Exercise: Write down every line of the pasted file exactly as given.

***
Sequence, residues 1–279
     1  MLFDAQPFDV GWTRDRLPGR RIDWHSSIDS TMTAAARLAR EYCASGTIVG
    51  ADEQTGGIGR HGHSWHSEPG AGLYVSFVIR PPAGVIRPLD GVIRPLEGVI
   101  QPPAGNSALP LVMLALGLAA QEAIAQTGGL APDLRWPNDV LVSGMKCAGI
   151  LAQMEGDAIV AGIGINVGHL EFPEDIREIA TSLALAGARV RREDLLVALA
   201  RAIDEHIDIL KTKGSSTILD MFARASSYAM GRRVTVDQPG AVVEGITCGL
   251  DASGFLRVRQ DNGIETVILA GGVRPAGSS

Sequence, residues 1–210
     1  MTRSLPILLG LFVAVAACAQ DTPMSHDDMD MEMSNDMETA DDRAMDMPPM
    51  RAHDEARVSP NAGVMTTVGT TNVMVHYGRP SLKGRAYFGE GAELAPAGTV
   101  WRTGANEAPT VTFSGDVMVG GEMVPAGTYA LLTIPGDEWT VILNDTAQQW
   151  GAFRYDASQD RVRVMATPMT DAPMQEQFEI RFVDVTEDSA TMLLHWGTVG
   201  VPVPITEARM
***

Sequence, residues 1–279
     1  MLFDAQPFDV GWTRDRLPGR RIDWHSSIDS TMTAAARLAR EYCASGTIVG
    51  ADEQTGGIGR HGHSWHSEPG AGLYVSFVIR PPAGVIRPLD GVIRPLEGVI
   101  QPPAGNSALP LVMLALGLAA QEAIAQTGGL APDLRWPNDV LVSGMKCAGI
   151  LAQMEGDAIV AGIGINVGHL EFPEDIREIA TSLALAGARV RREDLLVALA
   201  RAIDEHIDIL KTKGSSTILD MFARASSYAM GRRVTVDQPG AVVEGITCGL
   251  DASGFLRVRQ DNGIETVILA GGVRPAGSS

Sequence, residues 1–210
     1  MTRSLPILLG LFVAVAACAQ DTPMSHDDMD MEMSNDMETA DDRAMDMPPM
    51  RAHDEARVSP NAGVMTTVGT TNVMVHYGRP SLKGRAYFGE GAELAPAGTV
   101  WRTGANEAPT VTFSGDVMVG GEMVPAGTYA LLTIPGDEWT VILNDTAQQW
   151  GAFRYDASQD RVRVMATPMT DAPMQEQFEI RFVDVTEDSA TMLLHWGTVG
   201  VPVPITEARM